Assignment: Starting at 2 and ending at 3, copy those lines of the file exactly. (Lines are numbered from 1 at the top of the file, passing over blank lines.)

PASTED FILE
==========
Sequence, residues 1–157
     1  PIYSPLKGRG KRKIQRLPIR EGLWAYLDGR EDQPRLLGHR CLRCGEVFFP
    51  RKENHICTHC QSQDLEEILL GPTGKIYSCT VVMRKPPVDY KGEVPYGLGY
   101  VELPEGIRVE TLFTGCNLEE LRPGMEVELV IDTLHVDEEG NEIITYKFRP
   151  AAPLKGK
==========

     1  PIYSPLKGRG KRKIQRLPIR EGLWAYLDGR EDQPRLLGHR CLRCGEVFFP
    51  RKENHICTHC QSQDLEEILL GPTGKIYSCT VVMRKPPVDY KGEVPYGLGY